Chart 5: West Bengal epidemic data
Chart 5: West Bengal epidemic data

The fourth area of concern is Odisha. The risk emanating from there is of course not in the same league as Kerala, Maharashtra or West Bengal, but as the chart below shows, the current levels of daily cases, TPR and CP are too high for comfort, while their rate of decline is unacceptably low. Once again, the reason is inadequate testing. For proof, administrators from Odisha may review the chart below, and note how the slopes of the red and green curves decrease, in step with a plateauing of the purple testing curve. Still, the state has a few days in which to make amends, if they are to avert a resurgence.

Chart 6: Odisha epidemic data
Chart 6: Odisha epidemic data

The fifth region of key concern is, surprisingly, Karnataka. Although both the TPR and daily case curves have been successfully bent, the cumulative positivity remains at an uneasy high of around 11 per cent. That means the epidemic is still simmering beneath the surface. Therefore, it would be prudent for the Karnataka administration to swiftly heighten monitoring, aggressively seek out vectors, push TPR below one per cent, and further hasten CP decline rates in the coming week.

Chart 7: Karnataka epidemic data
Chart 7: Karnataka epidemic data

Apart from these are the Northeastern states, where rising cases have pushed up the national tally. Here, terrain, logistics and remoteness are a real constraint in tackling the epidemic. The case counts may be small compared to large states, but they are gigantic when compared to the populations of the seven sisters. The TPR in Manipur is 16 per cent; in Sikkim it is 18 per cent; Mizoram reported over three hundred cases in the past 24 hours. And yet, the remedy is the same as for large states – aggressive testing, tracing, isolation and treatment. Size doesn’t matter.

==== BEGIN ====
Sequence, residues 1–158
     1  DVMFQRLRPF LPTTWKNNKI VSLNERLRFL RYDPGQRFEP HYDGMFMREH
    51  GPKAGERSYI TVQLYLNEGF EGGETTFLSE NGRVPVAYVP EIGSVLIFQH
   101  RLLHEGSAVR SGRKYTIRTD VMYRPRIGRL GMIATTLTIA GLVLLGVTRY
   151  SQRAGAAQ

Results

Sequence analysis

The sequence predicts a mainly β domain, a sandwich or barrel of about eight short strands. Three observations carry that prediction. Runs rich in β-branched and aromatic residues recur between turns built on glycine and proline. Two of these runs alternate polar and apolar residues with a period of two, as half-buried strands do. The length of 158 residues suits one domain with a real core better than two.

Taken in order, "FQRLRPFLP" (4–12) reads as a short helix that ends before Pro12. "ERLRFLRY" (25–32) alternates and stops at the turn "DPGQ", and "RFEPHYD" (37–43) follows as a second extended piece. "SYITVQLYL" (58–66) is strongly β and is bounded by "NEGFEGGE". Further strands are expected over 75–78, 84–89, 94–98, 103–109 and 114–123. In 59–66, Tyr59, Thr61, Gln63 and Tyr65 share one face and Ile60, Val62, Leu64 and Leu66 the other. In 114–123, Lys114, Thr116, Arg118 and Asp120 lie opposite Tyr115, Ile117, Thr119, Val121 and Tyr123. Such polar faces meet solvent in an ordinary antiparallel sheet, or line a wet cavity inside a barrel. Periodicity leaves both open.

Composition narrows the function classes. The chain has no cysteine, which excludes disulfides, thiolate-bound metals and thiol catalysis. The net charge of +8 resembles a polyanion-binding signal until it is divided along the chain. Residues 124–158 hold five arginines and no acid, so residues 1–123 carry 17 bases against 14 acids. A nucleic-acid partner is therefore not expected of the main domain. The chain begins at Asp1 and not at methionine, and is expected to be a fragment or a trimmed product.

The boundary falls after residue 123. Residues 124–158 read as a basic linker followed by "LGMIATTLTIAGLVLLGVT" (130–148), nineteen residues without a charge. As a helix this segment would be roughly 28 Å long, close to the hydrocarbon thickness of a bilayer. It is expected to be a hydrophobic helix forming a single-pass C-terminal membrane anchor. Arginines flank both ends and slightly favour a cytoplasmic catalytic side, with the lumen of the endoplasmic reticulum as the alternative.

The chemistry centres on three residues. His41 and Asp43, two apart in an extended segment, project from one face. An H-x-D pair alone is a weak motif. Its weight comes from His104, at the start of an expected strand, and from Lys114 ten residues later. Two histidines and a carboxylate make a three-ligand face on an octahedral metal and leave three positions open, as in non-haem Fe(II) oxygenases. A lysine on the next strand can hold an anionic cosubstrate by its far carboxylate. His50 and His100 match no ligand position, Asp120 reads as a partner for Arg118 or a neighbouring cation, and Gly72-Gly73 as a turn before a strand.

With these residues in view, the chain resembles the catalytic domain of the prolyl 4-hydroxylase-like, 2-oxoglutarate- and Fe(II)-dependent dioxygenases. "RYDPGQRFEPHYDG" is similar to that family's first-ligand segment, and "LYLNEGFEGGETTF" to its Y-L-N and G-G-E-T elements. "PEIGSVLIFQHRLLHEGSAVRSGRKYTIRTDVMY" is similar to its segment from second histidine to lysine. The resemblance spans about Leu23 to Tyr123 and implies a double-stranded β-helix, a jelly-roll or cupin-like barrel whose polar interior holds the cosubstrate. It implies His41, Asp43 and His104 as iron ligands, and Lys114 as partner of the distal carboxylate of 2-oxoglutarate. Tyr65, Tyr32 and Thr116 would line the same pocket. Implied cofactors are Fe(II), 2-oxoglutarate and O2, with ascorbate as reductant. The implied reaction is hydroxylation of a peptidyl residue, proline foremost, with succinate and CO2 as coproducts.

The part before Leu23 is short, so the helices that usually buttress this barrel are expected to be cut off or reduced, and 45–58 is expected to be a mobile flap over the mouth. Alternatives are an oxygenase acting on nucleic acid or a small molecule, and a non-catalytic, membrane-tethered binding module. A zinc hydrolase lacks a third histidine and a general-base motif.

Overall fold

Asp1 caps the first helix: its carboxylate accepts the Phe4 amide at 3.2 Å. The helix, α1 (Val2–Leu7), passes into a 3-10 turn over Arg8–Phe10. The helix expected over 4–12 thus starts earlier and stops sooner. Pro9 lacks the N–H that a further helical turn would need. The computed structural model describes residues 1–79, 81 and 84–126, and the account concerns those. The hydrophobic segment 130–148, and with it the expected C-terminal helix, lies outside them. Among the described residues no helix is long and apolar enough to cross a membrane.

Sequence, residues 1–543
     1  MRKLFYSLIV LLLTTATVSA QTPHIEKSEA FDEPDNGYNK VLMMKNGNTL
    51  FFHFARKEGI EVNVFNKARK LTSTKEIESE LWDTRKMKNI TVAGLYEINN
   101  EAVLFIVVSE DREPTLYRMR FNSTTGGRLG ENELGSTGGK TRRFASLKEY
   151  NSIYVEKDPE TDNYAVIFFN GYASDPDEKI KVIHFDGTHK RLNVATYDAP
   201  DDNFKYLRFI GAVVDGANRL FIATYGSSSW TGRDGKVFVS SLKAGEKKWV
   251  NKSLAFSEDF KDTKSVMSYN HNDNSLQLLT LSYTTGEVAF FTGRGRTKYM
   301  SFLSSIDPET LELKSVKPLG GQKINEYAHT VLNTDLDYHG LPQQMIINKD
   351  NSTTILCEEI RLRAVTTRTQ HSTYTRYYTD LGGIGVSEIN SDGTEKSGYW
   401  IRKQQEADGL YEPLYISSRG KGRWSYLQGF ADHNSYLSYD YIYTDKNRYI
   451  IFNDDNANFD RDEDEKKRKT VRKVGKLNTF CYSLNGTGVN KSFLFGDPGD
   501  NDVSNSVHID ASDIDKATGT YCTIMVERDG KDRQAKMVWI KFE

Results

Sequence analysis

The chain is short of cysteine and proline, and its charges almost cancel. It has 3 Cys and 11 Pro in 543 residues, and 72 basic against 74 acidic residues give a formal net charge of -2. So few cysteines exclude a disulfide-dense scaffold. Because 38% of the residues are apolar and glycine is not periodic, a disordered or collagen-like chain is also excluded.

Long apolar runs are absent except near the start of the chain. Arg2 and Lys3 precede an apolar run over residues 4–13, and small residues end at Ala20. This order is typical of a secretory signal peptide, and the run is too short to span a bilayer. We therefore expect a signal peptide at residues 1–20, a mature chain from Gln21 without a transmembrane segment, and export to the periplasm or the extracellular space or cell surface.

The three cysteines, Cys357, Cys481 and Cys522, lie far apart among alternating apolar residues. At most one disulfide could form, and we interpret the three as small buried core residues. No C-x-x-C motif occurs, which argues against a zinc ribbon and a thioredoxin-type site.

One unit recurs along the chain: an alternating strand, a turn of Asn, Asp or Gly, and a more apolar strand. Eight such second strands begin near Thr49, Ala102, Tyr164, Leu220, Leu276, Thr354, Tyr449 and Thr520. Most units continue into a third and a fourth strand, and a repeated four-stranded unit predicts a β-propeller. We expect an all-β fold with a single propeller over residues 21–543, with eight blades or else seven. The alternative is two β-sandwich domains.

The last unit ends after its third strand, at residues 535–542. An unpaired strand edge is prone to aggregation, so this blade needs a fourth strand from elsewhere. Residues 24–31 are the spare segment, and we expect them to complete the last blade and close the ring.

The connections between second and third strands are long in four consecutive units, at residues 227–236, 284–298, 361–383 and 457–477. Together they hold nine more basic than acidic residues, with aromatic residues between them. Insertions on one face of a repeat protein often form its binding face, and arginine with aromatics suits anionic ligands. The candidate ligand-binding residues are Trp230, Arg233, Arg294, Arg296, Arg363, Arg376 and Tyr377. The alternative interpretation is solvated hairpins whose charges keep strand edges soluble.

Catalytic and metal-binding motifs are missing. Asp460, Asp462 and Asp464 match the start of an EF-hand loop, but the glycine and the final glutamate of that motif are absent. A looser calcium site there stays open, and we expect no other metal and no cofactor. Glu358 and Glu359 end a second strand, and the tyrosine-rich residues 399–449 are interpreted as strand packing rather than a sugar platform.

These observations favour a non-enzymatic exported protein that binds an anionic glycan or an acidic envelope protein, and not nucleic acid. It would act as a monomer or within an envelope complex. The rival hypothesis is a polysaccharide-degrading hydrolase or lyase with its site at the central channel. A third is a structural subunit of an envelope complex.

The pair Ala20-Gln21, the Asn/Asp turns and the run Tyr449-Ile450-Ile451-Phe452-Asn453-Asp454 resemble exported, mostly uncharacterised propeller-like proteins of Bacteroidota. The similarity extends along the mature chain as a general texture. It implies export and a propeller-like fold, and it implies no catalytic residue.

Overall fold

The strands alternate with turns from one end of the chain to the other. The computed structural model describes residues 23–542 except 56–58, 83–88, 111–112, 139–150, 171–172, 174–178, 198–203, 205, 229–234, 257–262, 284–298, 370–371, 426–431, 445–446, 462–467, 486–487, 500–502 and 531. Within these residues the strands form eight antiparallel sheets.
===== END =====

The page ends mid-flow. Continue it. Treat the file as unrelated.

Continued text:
Thus, the bottom line is that, the only way we can prevent a third wave, or at least stave it off, is by maintaining testing at peak levels, while the vaccination drive grinds on. Monitoring and inoculation have to move in tandem. So yes, there were severe bottlenecks in vaccine supply, which are now being gradually removed, but until the vaccine manufacturers come into their own, by August-September, the onus lies on the state governments, to maintain monitoring at peak levels, so that a nation-wide resurgence is inhibited.

In essence, the political leaderships in states of concern have to somehow understand that July 2021 is moving month in our battle against multiple variants of concern, and, that any slip ups now would not just undo public health security in one state, but have nation-wide ramifications as well.

All data from

Venu Gopal Narayanan is an independent upstream petroleum consultant who focuses on energy, geopolitics, current affairs and electoral arithmetic. He tweets at @ideorogue.